- The first subprotocol (called a distributed key generation protocol) runs once to generate the public key in such a way that each replica obtains its share of the secret key.
- The second subprotocol is invoked whenever a signature under the public key on a given message is requested by the canister — since no one replica holds the secret key, they must work together somehow to generate the signature.
A distributed signing protocol must be resilient, meaning that it must function reliably and securely while generating digital signatures on demand in a timely fashion even if one, or several, of the replicas in the subnet are crashed or under the control of an attacker.
Here are some of the key features of our new distributed ECDSA signing protocol:
- It guarantees security, meaning that the only signatures an adversary can obtain are those that are requested by honest replicas.
- Other than its reliance on the Internet Computer’s underlying consensus protocol, it works under the very weak assumption of asynchronous communication, meaning that it does not assume any a priori upper bound on the time required to deliver protocol messages.
- It works assuming that less than a third of the replicas are corrupt — this means arbitrary Byzantine corruptions.
- It provides guaranteed output delivery, meaning that all signing requests will be fulfilled and the resulting signatures will be delivered to the honest replicas (to the extent that all messages between honest replicas are eventually delivered, and the consensus subprotocol provides liveness).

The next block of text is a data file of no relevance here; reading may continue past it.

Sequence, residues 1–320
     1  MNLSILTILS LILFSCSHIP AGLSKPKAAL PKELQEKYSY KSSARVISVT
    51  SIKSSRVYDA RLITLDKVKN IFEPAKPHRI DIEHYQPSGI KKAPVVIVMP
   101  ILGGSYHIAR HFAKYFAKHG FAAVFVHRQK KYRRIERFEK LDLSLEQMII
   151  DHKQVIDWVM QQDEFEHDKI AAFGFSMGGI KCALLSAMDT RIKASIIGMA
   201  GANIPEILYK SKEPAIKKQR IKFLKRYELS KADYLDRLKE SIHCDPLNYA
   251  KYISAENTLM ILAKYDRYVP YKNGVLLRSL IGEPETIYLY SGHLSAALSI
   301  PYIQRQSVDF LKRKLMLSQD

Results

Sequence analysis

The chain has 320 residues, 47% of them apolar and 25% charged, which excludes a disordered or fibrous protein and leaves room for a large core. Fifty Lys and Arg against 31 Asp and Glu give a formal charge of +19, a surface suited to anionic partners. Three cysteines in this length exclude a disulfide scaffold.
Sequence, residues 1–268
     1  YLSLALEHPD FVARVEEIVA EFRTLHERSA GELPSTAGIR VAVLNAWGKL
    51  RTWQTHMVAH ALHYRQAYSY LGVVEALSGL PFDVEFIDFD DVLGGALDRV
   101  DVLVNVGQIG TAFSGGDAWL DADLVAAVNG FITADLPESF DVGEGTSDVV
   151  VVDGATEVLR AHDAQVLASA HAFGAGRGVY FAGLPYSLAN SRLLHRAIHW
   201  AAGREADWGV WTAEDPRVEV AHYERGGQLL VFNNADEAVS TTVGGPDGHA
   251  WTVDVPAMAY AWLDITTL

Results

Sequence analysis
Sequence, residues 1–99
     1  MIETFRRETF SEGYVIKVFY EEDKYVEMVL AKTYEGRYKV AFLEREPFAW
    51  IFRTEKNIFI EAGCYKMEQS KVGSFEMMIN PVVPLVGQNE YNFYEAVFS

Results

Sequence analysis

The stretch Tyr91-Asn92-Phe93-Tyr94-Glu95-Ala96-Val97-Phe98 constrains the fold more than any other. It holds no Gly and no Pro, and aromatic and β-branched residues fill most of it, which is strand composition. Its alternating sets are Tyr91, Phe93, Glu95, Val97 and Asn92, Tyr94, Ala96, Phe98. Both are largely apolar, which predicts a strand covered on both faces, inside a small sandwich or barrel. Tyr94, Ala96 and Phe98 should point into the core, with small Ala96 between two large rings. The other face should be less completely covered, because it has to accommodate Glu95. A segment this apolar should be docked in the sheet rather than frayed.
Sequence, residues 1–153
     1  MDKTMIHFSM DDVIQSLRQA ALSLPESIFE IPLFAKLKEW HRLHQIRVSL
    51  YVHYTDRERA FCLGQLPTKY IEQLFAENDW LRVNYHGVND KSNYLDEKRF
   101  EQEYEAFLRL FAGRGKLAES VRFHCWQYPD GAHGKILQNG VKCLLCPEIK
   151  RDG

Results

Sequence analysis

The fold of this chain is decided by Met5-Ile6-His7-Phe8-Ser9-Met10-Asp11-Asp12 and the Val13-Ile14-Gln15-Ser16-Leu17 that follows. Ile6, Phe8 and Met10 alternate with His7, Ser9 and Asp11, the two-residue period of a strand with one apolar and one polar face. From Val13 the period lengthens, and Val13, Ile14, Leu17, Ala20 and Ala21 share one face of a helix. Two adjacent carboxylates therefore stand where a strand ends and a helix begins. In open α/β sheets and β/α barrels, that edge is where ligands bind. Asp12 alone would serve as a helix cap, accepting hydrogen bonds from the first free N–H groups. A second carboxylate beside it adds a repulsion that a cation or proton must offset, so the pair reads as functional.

- It provides a very efficient, non-interactive online signing phase, meaning that assuming an appropriate message-independent precomputation, in response to a signing request, each replica simply broadcasts one “signature share”, and collects sufficiently many such “signature shares” to then compute the signature; in particular, the (more expensive) consensus subprotocol is not needed in the online signing phase.
- It supports BIP32-style additive key derivation, which means that many signing keys can be easily derived from a single signing key in a hierarchical fashion.
Secure, direct and trustless
The Internet Computer’s Bitcoin integration is establishing a secure, direct, and trustless interface with the Bitcoin ledger that does not rely on centralized intermediaries. DFINITY’s development of threshold ECDSA enables every canister smart contract to control ECDSA signing keys and hold BTC directly on the Bitcoin blockchain.
Together, these innovations are making it possible for developers to build dapps and DeFi projects that natively use the largest cryptocurrency in the world, leveraging immense value and bringing advanced smart contracts to Bitcoin. Next-generation DeFi projects like Sonic, InfinitySwap, and ICPSwap are already developing lending and borrowing protocols and exchanges that directly involve BTC. Threshold ECDSA also lays the foundation for further research on the direct integration with Ethereum in the coming future and unlocks an array of use cases for the Internet Computer.
Start building at internetcomputer.org and join the developer community at forum.dfinity.org.
Threshold ECDSA: The Key Ingredient Behind the Internet Computer’s BTC and ETH Integrations was originally published in The Internet Computer Review on Medium, where people are continuing the conversation by highlighting and responding to this story.